U.S.-based companies that want to put drones to work have faced some serious policy challenges. So far, the FAA has granted 333 exemptions to 3,186 companies that want to fly commercially. But many more companies are still waiting for their exemptions or for the FAA to implement rules specific to commercial drones.

Meanwhile, policymakers are forging ahead to support the safe integration of drones into the National Airspace System. On Tuesday, Representative Earl Blumenauer (OR-03—Skyward’s home district) introduced the Commercial UAS Modernization Act.

Representative Blumenauer’s act would create an interim set of rules to allow commercial drones to safely integrate with the National Airspace System while the FAA works to solidify Part 107, the airspace rules that will apply specifically to UAVs.

Skyward CEO Jonathan Evans and CTO X, both professional helicopter pilots, consulted with Representative Blumenauer as he worked to write a policy that prioritizes safe airspace but still allows for innovation.

Senator Cory Booker (D-NJ) introduced similar legislation last year.

Representative Earl Blumenauer
Representative Earl Blumenauer

“The UAS industry is booming in Oregon and nationwide, but our laws and regulations are stifling innovation instead of encouraging it, forcing American companies to look overseas to test new technology,” said Representative Blumenauer in a statement on his website. “We must not miss the opportunity to harness the benefits and utility of UAS technology, which will bring advances in safety and efficiency in nearly every sector of the economy.”

“I am excited to have a partner so dedicated to ensuring the United States can reap the social and economic benefits of UAS technology – from delivering food aid abroad to helping with search and rescue at home, the possibilities of this technology are just beginning to be explored and I look forward to working with colleagues on both sides of the aisle as we move these proposals forward,” said Senator Booker.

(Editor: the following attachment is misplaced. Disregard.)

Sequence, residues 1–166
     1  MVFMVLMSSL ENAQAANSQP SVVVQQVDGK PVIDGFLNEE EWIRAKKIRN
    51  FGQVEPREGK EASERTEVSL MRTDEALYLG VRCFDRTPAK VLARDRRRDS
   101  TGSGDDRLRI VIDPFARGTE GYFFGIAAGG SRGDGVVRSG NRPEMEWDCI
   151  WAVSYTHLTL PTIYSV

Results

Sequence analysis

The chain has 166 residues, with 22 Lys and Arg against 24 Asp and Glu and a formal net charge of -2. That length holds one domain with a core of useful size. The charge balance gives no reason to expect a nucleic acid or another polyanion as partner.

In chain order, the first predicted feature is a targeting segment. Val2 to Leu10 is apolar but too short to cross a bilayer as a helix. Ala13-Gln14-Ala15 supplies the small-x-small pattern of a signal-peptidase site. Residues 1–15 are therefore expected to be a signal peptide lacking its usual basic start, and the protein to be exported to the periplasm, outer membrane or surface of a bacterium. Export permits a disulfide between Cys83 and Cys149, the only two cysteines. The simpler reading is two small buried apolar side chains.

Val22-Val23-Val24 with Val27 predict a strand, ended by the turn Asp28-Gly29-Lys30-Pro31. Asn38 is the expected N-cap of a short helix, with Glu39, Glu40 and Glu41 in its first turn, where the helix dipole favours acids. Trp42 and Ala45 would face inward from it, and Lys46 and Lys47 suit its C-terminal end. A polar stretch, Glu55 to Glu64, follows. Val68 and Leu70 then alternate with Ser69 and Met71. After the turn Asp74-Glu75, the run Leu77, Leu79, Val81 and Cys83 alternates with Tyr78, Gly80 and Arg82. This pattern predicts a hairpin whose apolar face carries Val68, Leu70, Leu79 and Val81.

The Commercial UAS Modernization Act would:

  • Create an interim rule that provides basic guidelines for commercial use and testing of small UAS and micro UAS during the period the FAA finalizes rules covering commercial UAS;
  • Strengthen the FAA’s oversight authorities by creating a deputy administrator exclusively responsible for the safe integration of UAS in U.S. airspace, while also streamlining regulations that currently slow industry’s ability to innovate new aircraft technologies;
  • Direct the FAA to explore the feasibility of transporting packages and other property by small UAS; and
  • Ensure that FAA test sites are being used to the maximum extent to facilitate research into new technologies, including developing an air traffic management system for UAS, in partnership with industry and other relevant government agencies, such as the National Aeronautics and Space Administration.

Experts estimate that in the next decade, the commercial drone industry will create more than 100,000 U.S. jobs, with $82 billion in economic impact.

“Full integration of UAS into the national airspace could revolutionize the way entire sectors of our economy and governments function,” said Representative Blumenauer.

The Commercial UAS Modernization Act is a great first step.

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